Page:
Who Are We?
The Council for Aboriginal Reconciliation was established in 1991, and during the Decade of Reconciliation they worked to establish widespread public participation, and create community awareness and ownership of the reconciliation process.
In 1994 OWN members the late Noreen Hewett, the late Ruth Layard, and Lucy Porter started the Aboriginal Study Circle, meeting twice a month, to follow the “Australians for Reconciliation Study Kit” and use the “Open Learning” program on the ABC, as guidelines.
Our aim was to study the history, customs and culture of Aboriginal and Torres Strait Islander peoples, and to spread this knowledge amongst associates and friends, so that a better understanding and appreciation of First Nation peoples could grow amongst us, and in the wider community, leading to a shared sense of truth, fairness and justice.
Our motto was Listen, Learn, Understand.
After completing the study kit, we invited older Aboriginal women as guest speakers, to tell their stories and to join us in a shared lunch. Some guest speakers were elders who had been stolen from their families as children, some were brought up on missions, and some were professional women who had overcome immense difficulties.
We attended rallies, lectures, art exhibitions and book launches in connection with Aboriginal affairs, and became members of the Women’s Reconciliation Network, Women for Wik, as well as ANTaR (Australians for Native Title and Reconciliation) and the “Sea of Hands” and Tranby National Indigenous Adult Education and Training College. (Photo opposite of Monique, Betty Little and Pat Zinn at “Sea Of Hands”).
In 1998 the ASC was honoured to receive an award from the NSW Council for Aboriginal Reconciliation, in recognition of its “creative involvement of women in Indigenous issues and events.”
As well as Betty Little, artist Brenda Saunders who had been the guiding force of NAHHC also became a valued member.
We were also joined by Yorta Yorta woman Lorraine McGee-Sippel, whose book “Hey Mum, What’s a Half-Caste?’ won many accolades and awards, and has been reprinted.
In November 2003 Linda Burney, then MP for Canterbury, launched at NSW Parliament House our anthology of Aboriginal women’s stories “Steppin’ Out and Speakin’ Up,” with an emphasis on the three R’s of Indigenous existence – Relationship, Respect and Responsibility.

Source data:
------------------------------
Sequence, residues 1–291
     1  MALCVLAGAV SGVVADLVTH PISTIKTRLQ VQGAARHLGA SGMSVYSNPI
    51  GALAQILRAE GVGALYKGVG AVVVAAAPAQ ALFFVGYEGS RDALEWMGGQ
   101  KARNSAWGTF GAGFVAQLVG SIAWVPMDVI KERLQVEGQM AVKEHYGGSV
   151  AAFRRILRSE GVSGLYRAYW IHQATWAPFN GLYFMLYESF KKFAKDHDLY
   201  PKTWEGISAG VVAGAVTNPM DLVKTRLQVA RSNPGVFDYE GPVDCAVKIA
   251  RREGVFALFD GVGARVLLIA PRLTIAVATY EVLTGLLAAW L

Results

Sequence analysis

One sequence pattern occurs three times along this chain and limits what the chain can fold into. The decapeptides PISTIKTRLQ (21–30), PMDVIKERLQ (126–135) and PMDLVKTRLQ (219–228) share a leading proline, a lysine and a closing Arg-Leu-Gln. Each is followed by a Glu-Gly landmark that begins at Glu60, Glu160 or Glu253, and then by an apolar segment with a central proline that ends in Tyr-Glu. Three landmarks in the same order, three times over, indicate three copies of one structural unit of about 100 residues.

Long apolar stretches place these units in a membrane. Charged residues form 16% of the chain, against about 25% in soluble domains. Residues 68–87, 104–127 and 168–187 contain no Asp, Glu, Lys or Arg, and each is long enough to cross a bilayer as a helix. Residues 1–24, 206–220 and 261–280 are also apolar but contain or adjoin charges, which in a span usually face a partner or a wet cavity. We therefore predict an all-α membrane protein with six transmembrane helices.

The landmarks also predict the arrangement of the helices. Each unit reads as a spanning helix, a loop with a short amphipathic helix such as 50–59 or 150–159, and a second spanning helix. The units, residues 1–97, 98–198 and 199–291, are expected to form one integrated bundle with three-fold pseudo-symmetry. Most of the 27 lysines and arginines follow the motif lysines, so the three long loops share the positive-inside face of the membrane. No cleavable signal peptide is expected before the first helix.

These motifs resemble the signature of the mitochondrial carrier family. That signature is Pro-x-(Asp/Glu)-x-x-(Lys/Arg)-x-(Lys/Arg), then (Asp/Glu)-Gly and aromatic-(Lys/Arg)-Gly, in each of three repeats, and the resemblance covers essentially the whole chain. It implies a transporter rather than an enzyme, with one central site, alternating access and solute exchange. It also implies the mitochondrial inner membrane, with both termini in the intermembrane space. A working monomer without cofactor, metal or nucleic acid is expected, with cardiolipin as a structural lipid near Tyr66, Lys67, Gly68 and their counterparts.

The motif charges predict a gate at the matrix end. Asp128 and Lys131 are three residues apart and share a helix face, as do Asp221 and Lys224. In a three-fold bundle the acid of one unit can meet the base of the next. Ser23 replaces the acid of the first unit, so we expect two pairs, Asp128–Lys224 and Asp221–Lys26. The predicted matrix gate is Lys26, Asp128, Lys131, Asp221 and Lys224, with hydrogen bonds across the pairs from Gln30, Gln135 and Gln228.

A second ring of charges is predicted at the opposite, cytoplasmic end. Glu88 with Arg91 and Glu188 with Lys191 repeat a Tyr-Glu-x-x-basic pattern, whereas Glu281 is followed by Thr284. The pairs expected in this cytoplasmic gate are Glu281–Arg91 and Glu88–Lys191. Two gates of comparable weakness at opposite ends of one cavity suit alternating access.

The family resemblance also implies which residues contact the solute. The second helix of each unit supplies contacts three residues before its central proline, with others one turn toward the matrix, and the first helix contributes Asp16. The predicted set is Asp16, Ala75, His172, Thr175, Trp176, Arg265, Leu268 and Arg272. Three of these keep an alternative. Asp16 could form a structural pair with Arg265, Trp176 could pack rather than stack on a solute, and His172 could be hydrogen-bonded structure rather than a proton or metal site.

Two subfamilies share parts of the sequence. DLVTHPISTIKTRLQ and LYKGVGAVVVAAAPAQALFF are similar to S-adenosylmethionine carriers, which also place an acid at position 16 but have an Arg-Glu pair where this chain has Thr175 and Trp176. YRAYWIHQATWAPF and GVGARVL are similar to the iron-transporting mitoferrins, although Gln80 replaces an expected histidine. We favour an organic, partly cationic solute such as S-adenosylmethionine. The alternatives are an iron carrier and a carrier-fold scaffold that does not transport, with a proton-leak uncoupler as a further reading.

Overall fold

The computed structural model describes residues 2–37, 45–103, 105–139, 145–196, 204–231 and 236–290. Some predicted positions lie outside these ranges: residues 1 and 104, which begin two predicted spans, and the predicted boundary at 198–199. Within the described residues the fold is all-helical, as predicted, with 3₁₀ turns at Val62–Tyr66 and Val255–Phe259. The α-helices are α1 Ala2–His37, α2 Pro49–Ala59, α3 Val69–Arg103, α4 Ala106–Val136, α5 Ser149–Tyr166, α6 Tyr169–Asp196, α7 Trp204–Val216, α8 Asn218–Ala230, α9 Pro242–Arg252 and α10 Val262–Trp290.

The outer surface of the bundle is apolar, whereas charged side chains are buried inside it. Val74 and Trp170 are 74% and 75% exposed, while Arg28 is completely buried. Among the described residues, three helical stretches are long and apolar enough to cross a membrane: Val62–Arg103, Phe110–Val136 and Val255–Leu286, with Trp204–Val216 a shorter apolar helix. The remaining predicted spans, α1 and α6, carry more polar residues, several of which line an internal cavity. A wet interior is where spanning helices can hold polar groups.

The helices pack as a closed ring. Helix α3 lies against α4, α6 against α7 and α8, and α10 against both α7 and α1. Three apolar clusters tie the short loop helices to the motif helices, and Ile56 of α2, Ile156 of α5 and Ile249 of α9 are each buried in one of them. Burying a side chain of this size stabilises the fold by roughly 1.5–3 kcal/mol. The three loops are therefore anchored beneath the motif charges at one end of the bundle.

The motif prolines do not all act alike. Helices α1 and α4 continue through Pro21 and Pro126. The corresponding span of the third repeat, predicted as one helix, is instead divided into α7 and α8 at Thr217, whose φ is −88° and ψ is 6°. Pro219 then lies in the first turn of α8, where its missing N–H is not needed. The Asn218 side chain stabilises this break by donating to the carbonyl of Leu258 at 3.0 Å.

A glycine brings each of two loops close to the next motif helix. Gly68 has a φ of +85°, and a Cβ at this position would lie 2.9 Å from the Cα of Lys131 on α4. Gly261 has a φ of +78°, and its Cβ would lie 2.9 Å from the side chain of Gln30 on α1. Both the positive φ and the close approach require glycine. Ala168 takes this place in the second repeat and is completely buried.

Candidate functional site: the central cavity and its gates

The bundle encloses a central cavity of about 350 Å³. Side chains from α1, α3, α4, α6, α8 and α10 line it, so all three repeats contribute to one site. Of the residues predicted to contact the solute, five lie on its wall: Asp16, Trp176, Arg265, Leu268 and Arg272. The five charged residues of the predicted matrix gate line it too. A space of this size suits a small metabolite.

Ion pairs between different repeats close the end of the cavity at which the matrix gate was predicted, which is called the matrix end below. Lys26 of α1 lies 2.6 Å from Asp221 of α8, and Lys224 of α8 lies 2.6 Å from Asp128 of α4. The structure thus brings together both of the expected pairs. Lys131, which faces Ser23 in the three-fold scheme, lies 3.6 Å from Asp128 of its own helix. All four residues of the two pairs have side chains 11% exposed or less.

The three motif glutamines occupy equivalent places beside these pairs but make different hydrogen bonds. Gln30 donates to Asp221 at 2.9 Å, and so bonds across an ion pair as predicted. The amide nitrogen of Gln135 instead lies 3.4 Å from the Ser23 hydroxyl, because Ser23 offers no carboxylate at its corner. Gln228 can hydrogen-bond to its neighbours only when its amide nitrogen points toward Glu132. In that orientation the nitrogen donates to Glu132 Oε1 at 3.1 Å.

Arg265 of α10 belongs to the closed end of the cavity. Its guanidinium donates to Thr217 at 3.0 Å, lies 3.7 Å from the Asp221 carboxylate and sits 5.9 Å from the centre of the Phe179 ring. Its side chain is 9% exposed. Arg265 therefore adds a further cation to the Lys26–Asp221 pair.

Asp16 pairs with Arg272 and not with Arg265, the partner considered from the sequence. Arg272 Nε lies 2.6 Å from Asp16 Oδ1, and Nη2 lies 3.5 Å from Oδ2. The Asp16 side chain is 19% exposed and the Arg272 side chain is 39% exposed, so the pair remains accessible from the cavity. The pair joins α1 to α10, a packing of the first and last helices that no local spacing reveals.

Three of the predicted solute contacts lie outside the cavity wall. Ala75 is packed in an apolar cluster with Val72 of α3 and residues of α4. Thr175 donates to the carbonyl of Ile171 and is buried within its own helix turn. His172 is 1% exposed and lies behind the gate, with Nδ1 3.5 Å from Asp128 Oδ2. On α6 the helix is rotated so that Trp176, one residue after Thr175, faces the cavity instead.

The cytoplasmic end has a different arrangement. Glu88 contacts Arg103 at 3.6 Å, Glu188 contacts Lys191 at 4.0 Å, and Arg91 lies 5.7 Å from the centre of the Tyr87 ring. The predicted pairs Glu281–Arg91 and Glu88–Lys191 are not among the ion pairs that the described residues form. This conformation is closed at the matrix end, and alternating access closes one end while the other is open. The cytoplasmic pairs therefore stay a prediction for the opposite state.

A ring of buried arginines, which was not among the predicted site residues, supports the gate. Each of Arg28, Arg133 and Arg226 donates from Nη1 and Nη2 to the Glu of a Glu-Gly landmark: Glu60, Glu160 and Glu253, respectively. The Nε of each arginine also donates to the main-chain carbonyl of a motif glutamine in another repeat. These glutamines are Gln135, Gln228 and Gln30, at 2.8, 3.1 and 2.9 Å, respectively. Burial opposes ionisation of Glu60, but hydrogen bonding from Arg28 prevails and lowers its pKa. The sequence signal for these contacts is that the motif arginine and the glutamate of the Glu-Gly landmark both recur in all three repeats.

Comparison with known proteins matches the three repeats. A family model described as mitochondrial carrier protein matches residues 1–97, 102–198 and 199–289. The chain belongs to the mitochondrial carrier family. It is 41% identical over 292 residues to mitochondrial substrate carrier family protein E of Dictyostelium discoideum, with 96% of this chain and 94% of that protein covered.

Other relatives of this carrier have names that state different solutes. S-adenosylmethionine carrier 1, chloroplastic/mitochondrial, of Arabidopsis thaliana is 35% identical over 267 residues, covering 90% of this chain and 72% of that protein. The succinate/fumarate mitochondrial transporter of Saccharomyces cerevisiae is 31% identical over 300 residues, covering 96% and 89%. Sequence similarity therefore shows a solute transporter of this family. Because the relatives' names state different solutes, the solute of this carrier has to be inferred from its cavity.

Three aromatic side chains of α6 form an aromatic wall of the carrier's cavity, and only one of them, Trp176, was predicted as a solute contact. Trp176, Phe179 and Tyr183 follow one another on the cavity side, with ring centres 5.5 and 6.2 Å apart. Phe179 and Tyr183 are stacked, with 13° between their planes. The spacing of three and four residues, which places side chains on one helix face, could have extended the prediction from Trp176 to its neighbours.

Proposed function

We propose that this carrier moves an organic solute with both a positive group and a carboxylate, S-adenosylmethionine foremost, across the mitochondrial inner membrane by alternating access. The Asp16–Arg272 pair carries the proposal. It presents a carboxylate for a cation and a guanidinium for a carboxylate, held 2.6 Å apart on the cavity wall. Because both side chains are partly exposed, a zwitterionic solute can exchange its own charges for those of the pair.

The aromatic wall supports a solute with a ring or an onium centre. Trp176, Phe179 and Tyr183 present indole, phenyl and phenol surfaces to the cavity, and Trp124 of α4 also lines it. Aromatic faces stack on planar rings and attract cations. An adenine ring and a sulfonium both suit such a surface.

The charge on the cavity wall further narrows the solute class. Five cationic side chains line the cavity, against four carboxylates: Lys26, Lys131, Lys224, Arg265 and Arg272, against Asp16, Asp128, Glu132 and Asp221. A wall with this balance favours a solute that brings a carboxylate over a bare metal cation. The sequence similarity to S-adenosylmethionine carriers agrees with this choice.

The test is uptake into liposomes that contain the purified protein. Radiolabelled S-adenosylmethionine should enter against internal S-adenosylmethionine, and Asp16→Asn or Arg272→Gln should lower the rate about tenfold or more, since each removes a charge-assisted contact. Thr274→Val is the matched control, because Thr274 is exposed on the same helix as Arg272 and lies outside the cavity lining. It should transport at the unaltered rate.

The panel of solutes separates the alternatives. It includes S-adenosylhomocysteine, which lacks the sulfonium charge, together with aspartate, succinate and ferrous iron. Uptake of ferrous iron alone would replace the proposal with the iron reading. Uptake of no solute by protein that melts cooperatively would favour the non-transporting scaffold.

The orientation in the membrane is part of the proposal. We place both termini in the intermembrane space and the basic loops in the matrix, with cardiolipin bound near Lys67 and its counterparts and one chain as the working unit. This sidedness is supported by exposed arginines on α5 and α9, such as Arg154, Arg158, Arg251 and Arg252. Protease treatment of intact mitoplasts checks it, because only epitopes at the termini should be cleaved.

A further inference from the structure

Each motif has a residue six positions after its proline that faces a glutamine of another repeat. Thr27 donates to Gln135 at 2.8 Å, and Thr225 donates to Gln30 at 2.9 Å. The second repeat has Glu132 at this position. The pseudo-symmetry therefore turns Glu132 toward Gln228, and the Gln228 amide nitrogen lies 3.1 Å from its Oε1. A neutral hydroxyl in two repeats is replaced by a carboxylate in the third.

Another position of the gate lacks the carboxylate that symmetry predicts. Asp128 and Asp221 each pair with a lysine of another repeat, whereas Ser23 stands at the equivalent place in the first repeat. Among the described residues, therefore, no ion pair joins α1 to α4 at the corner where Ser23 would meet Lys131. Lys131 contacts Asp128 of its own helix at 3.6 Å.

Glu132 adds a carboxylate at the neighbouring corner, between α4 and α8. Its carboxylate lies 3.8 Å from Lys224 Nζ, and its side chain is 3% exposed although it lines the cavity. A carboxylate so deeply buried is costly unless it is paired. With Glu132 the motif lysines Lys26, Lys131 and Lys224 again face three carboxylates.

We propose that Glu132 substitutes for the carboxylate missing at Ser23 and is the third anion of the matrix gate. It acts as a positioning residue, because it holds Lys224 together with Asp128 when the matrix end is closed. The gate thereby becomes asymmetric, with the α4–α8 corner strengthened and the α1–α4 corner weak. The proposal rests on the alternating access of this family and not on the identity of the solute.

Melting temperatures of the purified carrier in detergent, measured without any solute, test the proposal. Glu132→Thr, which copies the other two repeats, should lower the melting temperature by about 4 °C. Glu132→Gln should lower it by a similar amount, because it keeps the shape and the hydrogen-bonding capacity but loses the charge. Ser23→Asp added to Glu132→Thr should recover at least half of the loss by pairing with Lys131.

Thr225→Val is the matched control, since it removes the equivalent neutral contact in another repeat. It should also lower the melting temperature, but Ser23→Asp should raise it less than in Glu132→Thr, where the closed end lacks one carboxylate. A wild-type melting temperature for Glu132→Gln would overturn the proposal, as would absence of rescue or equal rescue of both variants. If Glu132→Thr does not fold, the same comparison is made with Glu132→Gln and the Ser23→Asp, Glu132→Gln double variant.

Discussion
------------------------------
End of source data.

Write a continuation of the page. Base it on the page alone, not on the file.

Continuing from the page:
This was Lucy Porter’s inspiration, and she and the late Meg Coulson supervised the 3-year project.
Lucy obtained financial and in-kind support from various charities, and sales of the book raised $10,000, which was donated to Tranby College to fund a Lynn Pollack scholarship for female students.
Lynn was an outstanding member of the ASC, totally dedicated to Reconciliation. Too ill to attend the launch, she died in 2004, deeply mourned.
Since moving to Newtown, those of us still active meet to attend art exhibitions, lectures and other events, and afterwards we discuss current events and information over tea or lunch.
We have always attended Survival/Invasion Day celebrations on the 26th January and the Coloured Diggers wreath-laying events on ANZAC Day, and we continue to do so.
We have always raised money to support Aboriginal organisations, such as Baabayn Aboriginal Elders at Emerton, Seed (Aboriginal and Torres Strait Climate Coalition), and in particular the Kool Kids Club at La Perouse, which works with the local schools to deliver free after-school and holiday activity programs for young people aged 7-13 years, focussing on improving social health and well-being, connection to country and promoting strength and resilience.
Ninety percent of the children are Aboriginal and there is a waiting list. With generous co-operation from Sydney OWN, we are still able to respond to requests for funds.
We keep in touch with each other, and what is going on in First Nations affairs, sharing information and links to media via emails and phone calls.
Our grateful thanks go to OWN’s office staff for their unwavering assistance and support.
The Aboriginal Support Circle supports the Uluru Statement from the Heart.
“We, gathered at the 2017 National Constitutional Convention, coming from all points of the southern sky, make this statement from the heart:”
The Uluru Statement from the Heart is an invitation from First Nations to “walk with us in a movement of the Australian people for a better future”. It was issued to the Australian people in May 2017 following almost two years of work.
The Uluru Statement calls for structural reform including constitutional change. Structural reform means establishing a new relationship between First Nations and the Australian nation based on justice and self-determination where Indigenous cultures and peoples can flourish, and we all move forward.
The Uluru Statement builds on the strong history of Indigenous advocacy for a better future. Gathered in Central Australia in May 2017 on the 50th anniversary of the 1967 referendum, First Nations forged a historic consensus on structural reform and constitutional change.
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